Might as well stick with that theme of an Alan Moore property completely disavowed by him helmed by infamously edgy directors I otherwise really can’t bring myself to care about.

That and it seems too obvious to skip in an alphabet-themed draft.

V is for ...



V for Vendetta (2005)

First time I saw this, I thought it was OK. And to be perfectly honest, I’m still in that camp. Fun enough. Visually provocative universe and central character. Solid action and world-building. Natalie Portman. Earns from me a positively adequate stamp of approval, but otherwise nothing extraordinarily earth-shattering or compelling that isn’t stripped straight from the pages of Orwell, Huxley, Bradbury, Burgess, and Zamyatin.

And yet this became a cultural touchstone of the internet rebel and rabble-rouser, with the once esoteric Guy Fawkes mask turned into a pervasive symbol of “sticking it to the man.” Quite ironic considering the mask gained prominence exclusively in celebration of the man its named for failing entirely to accomplish anything resembling “sticking it to the man.” But whatever, symbols take on the meaning of whomever claimed it last, and there’s just something equal parts mischievous and menacing about a pallid mask with squinty eyes and a Van Dyke Mistletoe mustache.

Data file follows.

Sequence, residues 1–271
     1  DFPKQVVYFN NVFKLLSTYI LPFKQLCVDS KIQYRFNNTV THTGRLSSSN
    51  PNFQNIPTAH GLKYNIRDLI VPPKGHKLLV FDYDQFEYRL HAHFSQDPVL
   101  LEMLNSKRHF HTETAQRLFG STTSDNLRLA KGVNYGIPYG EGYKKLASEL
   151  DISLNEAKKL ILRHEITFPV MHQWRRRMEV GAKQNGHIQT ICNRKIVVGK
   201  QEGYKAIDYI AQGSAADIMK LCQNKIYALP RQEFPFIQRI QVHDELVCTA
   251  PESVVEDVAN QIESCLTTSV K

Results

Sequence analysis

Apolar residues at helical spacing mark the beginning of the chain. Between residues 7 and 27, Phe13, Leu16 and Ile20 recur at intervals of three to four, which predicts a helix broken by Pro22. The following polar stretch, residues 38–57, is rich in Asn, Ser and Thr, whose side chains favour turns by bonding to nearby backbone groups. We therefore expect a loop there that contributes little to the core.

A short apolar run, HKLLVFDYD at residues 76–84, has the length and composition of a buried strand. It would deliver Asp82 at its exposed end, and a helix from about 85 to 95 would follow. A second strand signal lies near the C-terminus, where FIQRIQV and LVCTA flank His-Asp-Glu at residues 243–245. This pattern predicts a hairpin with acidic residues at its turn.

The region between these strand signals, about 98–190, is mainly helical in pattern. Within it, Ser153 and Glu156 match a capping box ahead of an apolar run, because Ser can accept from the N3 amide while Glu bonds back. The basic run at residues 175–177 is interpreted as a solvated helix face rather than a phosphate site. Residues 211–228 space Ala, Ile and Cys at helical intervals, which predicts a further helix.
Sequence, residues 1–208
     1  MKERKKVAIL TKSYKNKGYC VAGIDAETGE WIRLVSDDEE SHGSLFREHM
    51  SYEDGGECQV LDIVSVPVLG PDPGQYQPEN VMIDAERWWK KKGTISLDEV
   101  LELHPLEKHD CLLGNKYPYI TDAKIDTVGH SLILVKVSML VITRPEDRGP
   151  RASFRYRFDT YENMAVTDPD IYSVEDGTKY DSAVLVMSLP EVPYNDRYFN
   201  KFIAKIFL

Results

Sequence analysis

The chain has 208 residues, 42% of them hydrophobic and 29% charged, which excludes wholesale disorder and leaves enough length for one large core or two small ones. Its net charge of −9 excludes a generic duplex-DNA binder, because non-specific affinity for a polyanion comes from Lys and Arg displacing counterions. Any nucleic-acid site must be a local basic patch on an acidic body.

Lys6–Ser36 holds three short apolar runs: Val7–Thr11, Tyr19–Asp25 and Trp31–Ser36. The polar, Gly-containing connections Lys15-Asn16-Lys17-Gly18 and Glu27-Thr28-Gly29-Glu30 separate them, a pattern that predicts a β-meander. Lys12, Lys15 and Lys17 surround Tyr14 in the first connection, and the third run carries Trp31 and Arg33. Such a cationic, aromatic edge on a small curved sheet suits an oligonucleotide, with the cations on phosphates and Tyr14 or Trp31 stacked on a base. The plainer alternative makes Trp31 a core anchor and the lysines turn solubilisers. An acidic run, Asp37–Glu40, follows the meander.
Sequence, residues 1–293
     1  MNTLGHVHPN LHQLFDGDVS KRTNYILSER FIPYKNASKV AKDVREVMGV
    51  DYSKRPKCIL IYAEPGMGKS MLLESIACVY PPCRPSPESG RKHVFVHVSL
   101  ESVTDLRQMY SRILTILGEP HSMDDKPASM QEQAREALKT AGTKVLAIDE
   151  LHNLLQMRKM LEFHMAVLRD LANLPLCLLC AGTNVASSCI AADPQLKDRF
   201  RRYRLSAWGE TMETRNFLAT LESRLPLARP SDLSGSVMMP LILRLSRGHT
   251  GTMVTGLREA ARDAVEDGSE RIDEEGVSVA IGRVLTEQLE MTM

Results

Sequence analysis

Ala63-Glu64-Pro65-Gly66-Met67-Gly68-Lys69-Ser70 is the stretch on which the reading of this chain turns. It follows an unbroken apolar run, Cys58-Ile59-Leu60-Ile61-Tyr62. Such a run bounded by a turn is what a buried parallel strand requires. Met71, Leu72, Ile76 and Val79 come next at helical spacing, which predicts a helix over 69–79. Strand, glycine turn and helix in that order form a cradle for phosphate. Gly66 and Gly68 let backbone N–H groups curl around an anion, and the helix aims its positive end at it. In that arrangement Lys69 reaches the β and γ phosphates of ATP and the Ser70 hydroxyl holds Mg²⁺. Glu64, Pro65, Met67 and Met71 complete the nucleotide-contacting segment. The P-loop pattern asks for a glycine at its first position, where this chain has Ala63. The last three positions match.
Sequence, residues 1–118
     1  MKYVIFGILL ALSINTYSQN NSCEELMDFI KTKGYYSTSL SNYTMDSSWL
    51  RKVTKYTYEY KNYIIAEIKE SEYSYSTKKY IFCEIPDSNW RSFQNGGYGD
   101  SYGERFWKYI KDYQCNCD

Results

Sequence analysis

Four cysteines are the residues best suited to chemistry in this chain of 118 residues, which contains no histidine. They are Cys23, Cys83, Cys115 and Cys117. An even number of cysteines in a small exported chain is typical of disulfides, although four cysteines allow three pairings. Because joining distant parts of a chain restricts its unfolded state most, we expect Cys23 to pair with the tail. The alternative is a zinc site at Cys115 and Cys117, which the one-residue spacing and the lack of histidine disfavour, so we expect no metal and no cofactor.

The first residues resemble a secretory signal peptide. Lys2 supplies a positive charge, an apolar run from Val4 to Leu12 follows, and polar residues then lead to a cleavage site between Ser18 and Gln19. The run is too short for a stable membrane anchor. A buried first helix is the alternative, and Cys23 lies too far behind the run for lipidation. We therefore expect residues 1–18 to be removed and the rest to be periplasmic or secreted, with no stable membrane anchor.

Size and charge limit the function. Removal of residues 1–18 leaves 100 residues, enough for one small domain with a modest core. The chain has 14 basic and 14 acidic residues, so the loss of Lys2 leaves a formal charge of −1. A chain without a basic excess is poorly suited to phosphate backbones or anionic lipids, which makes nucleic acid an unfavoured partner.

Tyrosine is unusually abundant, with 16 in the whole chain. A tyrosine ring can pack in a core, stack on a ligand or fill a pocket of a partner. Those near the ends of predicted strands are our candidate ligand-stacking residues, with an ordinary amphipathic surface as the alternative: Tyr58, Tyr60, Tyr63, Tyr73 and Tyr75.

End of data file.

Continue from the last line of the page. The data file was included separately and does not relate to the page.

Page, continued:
Its inexplicable influence on popular and internet culture aside, I can always find enjoyment in a dystopian setting that takes care in creating a believable universe; conspiracy governments and false flag justifications for fascist takeovers are instantly intriguing popcorn munchers when done well. And while I could watch Portman whittle rocking chairs for 2 hours, I was particularly impressed with Hugo Weaving’s performance as the eponymous V, seeming innately and otherworldly powerful, brilliant, and earnest, while also socially-awkward and flawed, all while wearing a mask THE WHOLE TIME. I actually didn’t even know it was him until I looked it up today. He personifies this character with panache and presence all without being able to emote through facial expressions at all.

Might be why Internet culture and keyboard warriors latched on to him so enthusiastically.

Whatever the cause, remember, remember
The Fifth of November
 
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With my twenty-second pick in the Shelter in Place Alphabet Movie Draft, I will make use of the letter F to select:

The Fugitive (1993):



Director: Andrew Davis
Dir. of Photography: Michael Chapman
Writer(s): Jeb Stuart, David Twohy, Roy Huggins
Score: James Newton Howard
Cast: Harrison Ford, Tommy Lee Jones, Sela Ward, Julianne Moore, Joe Pantoliano
Genre: Drama, action, thriller
Runtime: 2 hours, 10 minutes

IMDb Entry: https://www.imdb.com/title/tt0106977/?ref_=nv_sr_srsg_0

Life goes ever on. My wife's best friend has cancer. She's my age. 33 years old. She begins chemotherapy tomorrow. 2020 can go f*** itself.